The meat around the head is the best part of every fish, a fact endorsed by most Asian cuisines, and regarded as a luxury.
Muthu’s offers chicken, mutton, prawn and squid curries as well, but when in Rome, as they say, I ordered the fish head curry, as recommended by just about every tourist guidebook.
Soon, a bowl of crispy papadums and biryani rice arrived at my table, set in a banana leaf on a tray. You pour the curry and spread rice directly onto the tray, and then eat.
The fish head curry, prepared with red snapper, is simmered in tamarind gravy South Indian-style with slices of okra, tomatoes and seasonal vegetables. The locals recommend a glass of calamansi, a local lime juice, but instead I asked for a plain lassi.
An hour later, after violently dissecting the fish head, I left a gruesome scene ― fish war, with just jaw, bones and eyes remaining.
I resisted the temptation to try the restaurant’s tandoori fish head, an adaptation of the ever-popular tandoori chicken, and moved on to my afternoon plan ― high tea.
The gallery where I was doing my interview was located inside the Fullerton Hotel. The Courtyard there is noted for its tea sets.
High tea is popular in Singapore, due to its past association with the British Empire.
The tea set, served only in The Courtyard from 2:30 to 6 pm, is impressive: various hors d’oeuvres, including finger sandwiches, creme brulee, mini scones, chocolate cake and a cup of jelly topped with cranberries, all served on a three-tier tea stand.
One of the most unusual canapes was the otah, Malay-style minced fish on bread topped with parsley and mayonnaise.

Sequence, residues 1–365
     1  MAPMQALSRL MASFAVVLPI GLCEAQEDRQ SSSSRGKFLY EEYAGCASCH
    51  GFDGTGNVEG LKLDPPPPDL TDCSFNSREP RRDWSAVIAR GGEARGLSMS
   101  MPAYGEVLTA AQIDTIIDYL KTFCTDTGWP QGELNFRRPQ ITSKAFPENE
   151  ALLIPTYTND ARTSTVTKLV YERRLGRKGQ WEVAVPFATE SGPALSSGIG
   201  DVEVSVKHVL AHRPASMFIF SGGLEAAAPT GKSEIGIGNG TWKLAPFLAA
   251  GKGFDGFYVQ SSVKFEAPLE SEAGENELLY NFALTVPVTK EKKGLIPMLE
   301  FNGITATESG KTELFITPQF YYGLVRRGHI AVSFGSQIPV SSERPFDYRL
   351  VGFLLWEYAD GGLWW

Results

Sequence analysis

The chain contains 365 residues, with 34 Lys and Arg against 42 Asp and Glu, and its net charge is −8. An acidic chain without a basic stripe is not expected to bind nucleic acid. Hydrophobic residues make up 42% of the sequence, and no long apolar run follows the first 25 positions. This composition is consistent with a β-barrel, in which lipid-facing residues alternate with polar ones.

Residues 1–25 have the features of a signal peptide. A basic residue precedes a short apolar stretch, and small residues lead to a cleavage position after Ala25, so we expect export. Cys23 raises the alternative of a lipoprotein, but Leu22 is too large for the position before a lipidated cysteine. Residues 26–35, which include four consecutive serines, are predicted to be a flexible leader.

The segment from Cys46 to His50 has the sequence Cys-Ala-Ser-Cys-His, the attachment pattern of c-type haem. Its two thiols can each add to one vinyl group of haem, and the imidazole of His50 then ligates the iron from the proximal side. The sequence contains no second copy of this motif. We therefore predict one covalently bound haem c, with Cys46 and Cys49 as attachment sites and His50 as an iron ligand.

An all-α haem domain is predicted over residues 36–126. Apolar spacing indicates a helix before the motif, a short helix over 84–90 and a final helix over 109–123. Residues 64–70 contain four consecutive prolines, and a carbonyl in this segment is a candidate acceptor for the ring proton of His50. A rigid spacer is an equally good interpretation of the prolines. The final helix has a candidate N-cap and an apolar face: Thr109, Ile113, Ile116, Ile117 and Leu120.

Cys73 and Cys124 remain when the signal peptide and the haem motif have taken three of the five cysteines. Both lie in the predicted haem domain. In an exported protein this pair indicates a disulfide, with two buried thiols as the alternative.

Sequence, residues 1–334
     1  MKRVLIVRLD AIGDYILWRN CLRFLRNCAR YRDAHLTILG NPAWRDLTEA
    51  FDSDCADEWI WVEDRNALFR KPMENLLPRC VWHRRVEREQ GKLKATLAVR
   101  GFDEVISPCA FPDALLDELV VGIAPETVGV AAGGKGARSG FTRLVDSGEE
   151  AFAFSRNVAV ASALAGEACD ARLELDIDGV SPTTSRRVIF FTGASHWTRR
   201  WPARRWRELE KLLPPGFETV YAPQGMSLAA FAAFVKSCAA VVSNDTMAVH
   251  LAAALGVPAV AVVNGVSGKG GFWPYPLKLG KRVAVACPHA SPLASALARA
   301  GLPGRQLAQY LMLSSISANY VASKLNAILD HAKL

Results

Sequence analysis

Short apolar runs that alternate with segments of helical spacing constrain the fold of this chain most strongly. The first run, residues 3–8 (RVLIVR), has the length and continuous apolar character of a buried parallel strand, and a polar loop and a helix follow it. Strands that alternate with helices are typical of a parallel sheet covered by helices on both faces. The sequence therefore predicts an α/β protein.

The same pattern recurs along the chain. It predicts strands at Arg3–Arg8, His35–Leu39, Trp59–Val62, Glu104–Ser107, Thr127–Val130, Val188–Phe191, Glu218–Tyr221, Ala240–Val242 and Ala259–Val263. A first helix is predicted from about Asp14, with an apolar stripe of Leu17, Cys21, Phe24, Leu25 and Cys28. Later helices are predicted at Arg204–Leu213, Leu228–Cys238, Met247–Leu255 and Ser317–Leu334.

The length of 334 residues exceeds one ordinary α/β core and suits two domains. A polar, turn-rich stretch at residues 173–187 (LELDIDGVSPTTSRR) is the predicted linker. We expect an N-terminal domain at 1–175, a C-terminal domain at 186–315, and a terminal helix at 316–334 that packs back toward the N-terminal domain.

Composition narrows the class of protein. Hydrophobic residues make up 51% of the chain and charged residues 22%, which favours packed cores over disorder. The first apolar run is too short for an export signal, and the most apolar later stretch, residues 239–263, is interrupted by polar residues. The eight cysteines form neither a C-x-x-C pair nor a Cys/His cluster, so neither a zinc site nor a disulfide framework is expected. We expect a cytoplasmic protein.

The scones are soft and slightly crumbly, served with butter and homemade strawberry jam.
One of my biggest regrets is that I didn’t get to visit the famous hawker centers, which are probably the most distinctive eateries in Singapore.
My colleague Lee Min-a, in Singapore at the same time traveling with the Blue House press corps to cover the recent Asean summit, filled me in about her hawker experience.

Lee Min-a: They hawked, and we were the delighted prey.
As soon as we took our seats at the hawker center at 11 p.m., a group of excited vendors dashed over to our table.
“Have the satay! The gong gongs are good. No, you want lala? We have laksa!”
I honestly had no idea what they were talking about, and there was no one to tell me and my companions what these dishes were called in English.
But the vendors were very enthusiastic, offering us a pitcher of beer even before we’d ordered.
So we decided to take up their recommendations, including the gong gongs and the lalas.
The hawker center is an outdoor food court under a giant canopy in Singapore, serving food from Malaysia, Hong Kong, India and China. Some even served kimchi jjigye, a Korean hot-pot.
For as little as five Singapore dollars ($3.45) per dish, you can get excellent food from the dozens of hawker centers spread throughout the city, though you should anticipate long queues at lunchtime.
“We locals don’t go to restaurants. Too expensive. Locals go to hawker centers,” a taxi driver told us, dropping us at the Newton Hawker Center.